Letter from Oliver Wolcott to Roger Newberry


Philadelpa 4t June 1776

Your kind favour of the 20t came safe. Nothing gives Me more pleasure than Letters from my Freinds. They would out of meer Charity Write oftner to Me, if they knew the Satisfaction which it gave Me. If I do not always [make] a speedy Acknowledgment I hope it will not be imputed to any Want of Inclination to do it.

I am glad to be informed by you that People seem determined in supporting the mighty Cause upon the Decision of which the Fate of this and future Generations depend. Your Observations that a Regard ought to be had to the Expectations of the People are just, and as the Appeal is made to them as to the Justice and Propriety of publick Measures, any Information to one who must think that his Services in some good Degree must depend upon an Observance of popular Opinions, will be advantagious not for the Reason for which this kind of Knowledge is often Sought for a personal Account, but to prevent him from adopting ineffectual and consequently pernicious Measures. You can easily conceive that in this long extended Continent Very different Customs prevail but I trust that there will be no further Augmentation in the Officers Wages, indeed I am sure there will not, tho’ some of the Southern Colonies have enlarged them at a colonial Expence.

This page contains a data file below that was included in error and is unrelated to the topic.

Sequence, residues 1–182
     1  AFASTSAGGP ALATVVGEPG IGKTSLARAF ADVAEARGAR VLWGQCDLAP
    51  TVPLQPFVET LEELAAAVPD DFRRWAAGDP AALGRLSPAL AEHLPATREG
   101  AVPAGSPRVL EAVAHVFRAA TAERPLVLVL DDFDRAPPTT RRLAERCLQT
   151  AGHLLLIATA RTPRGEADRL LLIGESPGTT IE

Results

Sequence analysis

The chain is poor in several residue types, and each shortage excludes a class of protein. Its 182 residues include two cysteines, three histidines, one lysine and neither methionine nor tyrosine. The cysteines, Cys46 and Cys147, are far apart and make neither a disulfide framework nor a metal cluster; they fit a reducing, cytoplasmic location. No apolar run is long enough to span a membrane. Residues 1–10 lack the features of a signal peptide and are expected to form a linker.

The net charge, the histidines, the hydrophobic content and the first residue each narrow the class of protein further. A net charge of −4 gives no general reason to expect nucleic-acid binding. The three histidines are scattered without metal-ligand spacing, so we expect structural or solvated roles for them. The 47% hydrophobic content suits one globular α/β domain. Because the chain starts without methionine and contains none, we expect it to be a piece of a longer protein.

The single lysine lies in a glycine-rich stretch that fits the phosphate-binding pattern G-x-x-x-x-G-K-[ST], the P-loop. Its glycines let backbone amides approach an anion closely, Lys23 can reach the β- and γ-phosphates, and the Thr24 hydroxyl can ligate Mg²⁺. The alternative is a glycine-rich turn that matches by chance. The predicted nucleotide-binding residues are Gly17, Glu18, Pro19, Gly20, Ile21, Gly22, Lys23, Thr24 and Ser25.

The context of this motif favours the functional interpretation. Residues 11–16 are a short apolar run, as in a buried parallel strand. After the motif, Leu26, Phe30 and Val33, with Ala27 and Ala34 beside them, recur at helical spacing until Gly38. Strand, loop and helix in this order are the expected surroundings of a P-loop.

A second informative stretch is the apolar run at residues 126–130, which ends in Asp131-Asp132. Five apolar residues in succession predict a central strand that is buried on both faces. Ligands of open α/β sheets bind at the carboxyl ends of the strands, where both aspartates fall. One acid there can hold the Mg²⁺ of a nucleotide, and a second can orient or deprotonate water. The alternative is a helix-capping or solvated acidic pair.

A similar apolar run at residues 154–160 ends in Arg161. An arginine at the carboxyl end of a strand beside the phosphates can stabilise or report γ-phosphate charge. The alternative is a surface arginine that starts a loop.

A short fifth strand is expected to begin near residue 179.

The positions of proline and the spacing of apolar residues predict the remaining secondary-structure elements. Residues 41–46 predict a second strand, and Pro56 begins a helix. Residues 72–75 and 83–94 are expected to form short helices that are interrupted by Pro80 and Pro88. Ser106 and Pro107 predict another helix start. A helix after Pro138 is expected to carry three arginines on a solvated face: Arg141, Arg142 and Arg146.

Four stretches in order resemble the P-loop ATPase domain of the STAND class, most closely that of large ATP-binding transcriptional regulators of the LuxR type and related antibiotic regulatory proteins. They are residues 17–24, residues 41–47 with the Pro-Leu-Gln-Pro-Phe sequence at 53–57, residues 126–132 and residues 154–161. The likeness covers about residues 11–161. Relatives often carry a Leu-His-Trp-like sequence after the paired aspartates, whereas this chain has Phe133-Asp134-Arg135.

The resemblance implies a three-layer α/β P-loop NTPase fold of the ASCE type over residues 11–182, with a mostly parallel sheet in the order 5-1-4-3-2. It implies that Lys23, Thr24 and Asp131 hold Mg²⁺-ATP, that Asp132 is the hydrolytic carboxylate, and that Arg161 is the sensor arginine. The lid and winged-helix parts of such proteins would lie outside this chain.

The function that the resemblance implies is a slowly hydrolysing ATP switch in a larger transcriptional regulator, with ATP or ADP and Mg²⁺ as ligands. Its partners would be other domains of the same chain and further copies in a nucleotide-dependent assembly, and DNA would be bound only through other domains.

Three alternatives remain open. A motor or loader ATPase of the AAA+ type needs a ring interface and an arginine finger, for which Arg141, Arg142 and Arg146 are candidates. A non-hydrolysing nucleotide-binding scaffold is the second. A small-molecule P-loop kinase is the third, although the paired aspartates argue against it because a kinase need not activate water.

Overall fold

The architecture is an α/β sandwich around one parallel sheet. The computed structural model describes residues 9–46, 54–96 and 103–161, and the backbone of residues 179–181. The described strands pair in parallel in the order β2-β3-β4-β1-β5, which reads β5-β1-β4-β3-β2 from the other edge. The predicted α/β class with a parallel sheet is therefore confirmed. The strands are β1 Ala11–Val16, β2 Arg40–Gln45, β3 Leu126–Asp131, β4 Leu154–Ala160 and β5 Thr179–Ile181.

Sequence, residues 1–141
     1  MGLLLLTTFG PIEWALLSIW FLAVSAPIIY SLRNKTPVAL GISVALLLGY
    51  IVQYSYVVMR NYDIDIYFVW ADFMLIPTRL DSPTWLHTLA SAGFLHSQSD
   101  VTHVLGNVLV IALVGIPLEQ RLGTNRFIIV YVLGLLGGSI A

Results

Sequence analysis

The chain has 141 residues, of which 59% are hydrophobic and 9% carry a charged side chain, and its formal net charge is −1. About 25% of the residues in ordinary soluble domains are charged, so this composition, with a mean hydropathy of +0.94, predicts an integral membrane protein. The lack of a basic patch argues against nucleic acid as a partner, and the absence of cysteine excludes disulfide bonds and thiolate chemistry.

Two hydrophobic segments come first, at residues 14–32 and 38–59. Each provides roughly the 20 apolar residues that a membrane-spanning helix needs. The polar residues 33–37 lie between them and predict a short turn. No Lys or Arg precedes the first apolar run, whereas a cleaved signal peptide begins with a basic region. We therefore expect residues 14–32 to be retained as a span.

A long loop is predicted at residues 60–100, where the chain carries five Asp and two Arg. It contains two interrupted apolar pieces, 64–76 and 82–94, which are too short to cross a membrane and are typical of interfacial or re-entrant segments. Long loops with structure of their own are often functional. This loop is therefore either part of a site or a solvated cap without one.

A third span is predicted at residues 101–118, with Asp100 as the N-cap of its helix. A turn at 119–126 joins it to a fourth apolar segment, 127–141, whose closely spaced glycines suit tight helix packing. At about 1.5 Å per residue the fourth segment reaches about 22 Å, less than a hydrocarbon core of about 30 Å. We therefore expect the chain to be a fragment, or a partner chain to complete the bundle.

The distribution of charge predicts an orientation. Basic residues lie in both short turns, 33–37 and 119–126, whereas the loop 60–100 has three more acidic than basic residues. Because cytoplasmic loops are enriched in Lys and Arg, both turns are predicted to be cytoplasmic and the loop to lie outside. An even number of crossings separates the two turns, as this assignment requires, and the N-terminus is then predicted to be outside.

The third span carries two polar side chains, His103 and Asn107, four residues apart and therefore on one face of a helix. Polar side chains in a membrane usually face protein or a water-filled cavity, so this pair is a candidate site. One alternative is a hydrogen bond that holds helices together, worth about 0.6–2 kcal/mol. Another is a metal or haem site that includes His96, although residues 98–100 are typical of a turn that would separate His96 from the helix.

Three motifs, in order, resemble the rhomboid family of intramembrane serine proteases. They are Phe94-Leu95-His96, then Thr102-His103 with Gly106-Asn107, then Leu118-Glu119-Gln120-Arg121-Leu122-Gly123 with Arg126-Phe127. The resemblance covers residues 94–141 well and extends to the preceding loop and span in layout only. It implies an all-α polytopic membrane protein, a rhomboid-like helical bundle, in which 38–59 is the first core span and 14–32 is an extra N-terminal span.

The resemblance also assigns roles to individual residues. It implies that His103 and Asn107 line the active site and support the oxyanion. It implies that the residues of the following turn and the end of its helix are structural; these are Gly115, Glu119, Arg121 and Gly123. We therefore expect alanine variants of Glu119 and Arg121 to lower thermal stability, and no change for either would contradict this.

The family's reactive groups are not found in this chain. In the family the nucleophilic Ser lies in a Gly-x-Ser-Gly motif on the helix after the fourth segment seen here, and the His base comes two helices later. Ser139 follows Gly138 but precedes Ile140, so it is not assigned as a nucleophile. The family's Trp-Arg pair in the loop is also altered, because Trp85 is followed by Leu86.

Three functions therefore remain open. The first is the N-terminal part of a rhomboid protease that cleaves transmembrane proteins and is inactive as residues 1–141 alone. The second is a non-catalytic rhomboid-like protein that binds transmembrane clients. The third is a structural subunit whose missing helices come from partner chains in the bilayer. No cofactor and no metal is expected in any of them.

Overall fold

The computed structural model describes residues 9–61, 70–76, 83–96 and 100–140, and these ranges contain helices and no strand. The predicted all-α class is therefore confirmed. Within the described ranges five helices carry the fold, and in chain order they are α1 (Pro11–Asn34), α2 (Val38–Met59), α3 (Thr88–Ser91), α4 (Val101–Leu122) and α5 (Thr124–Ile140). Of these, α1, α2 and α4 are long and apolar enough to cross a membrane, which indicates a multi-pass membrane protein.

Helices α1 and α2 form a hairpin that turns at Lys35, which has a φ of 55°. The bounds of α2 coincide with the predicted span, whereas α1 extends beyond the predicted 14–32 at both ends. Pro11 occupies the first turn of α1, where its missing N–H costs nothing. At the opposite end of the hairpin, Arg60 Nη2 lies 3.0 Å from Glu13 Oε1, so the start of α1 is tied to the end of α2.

The Prisoners have been treated by us with great Indulgence, I see by the papers what has been done with McKay and Skeene. You will observe a Code of Laws published for the Regulation of Prisoners which if duly attended to, I hope will be effectual.